Feds to Reach Debt Ceiling Early November

October 7, 2015

pic-capital-capitolOn Oct. 1, 2015, Treasury Secretary Jacob Lew wrote a letter to House Speaker John Boehner (R-Ohio) urging Congressional action on the debt ceiling. In the letter he stated that, given tax receipts that were lower than previously projected, Treasury’s extraordinary measures are likely to be exhausted by Nov. 5, 2015. Absent Congressional action to increase the government’s authority to borrow, this deadline could force the U.S. to default.

Lew cited the potential “catastrophic damage that default would have on our economy and global financial markets” and strongly urged Congress to act promptly to address the debt ceiling. Lew’s letter and the new timeline raises the stakes for Boehner’s last month in Congress—his previous retirement announcement has him officially stepping down on Oct. 30.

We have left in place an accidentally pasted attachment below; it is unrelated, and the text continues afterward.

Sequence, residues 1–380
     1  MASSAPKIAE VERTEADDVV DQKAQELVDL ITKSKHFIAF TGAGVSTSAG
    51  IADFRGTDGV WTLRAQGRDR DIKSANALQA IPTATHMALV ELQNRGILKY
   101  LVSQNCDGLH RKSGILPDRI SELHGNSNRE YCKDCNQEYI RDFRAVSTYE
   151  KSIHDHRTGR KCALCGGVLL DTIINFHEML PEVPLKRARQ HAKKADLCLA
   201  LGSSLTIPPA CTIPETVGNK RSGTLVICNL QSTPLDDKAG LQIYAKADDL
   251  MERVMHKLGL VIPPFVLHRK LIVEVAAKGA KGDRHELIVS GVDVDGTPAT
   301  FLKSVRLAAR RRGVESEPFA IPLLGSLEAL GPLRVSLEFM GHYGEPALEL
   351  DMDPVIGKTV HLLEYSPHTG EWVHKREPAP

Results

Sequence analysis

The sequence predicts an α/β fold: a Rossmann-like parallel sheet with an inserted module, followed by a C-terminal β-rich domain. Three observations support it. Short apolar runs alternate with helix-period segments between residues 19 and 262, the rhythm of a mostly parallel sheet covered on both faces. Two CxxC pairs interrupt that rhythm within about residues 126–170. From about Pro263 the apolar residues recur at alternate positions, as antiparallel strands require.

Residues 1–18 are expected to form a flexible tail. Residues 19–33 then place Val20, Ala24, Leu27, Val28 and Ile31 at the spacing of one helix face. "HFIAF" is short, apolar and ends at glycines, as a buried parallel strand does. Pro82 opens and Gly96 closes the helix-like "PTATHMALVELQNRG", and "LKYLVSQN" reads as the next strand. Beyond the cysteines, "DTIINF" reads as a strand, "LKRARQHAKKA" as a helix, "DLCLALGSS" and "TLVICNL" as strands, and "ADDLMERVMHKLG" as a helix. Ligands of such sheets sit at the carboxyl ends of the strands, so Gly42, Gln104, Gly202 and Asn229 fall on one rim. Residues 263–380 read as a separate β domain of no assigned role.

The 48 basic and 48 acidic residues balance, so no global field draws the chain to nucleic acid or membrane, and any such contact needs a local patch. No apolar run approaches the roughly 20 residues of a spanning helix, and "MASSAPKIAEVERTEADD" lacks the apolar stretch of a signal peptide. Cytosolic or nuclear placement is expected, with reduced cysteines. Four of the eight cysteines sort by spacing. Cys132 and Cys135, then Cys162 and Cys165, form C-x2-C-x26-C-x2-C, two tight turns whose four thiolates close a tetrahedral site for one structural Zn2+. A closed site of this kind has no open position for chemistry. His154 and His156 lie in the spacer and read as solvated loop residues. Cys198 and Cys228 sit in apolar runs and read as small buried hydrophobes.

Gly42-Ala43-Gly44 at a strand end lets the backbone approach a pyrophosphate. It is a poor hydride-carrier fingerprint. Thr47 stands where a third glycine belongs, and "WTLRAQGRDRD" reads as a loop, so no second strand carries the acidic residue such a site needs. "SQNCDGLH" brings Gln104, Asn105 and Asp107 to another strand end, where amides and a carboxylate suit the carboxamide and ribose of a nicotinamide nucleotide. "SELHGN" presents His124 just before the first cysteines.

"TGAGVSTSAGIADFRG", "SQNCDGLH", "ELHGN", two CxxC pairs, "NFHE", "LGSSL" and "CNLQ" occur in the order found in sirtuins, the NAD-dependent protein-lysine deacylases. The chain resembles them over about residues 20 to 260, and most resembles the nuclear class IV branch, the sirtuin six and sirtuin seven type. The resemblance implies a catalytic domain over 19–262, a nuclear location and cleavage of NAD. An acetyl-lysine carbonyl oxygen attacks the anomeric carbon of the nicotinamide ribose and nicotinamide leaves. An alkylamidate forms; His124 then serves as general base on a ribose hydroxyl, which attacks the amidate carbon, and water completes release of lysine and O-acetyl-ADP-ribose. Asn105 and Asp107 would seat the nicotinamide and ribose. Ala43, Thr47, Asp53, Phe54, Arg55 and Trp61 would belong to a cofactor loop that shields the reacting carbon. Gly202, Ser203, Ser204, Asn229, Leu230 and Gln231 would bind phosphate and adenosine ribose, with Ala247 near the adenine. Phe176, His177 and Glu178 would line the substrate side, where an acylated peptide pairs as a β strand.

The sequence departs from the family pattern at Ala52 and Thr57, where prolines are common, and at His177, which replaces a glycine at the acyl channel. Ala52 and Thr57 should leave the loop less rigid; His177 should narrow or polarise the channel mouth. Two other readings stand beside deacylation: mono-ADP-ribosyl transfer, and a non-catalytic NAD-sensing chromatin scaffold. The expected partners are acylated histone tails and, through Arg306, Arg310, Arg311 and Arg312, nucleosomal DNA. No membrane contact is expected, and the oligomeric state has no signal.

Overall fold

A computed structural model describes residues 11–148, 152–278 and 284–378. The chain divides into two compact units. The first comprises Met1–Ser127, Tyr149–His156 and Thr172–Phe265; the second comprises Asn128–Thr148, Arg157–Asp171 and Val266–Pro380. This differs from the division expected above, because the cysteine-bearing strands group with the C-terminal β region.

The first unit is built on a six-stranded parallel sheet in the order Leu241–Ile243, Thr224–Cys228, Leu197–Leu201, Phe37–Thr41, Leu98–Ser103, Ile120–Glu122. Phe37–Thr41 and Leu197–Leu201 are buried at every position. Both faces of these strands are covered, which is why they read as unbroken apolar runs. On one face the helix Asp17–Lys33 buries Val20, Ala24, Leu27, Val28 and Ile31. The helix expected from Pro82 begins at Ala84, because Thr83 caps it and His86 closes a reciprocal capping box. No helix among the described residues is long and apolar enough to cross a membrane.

There have been rumors a debt ceiling increase could be tacked on to the must-do highway bill, however some on the Hill have been talking about just a short-term extension which would essentially eliminate that bill as a vehicle for the debt increase. Another potential option is that this new debt deadline speeds up talks on a broader spending bill which, in order to avoid another government shutdown, was approved under a temporary continuing resolution set to expire in December.

NSBA urges Congress to take a long-term look at the debt ceiling and act to ensure our nation’s fiscal sustainability for many years to come. An increase in the current debt limit should not be done in a vacuum and must include discussions about reducing the overall debt. Click here for more.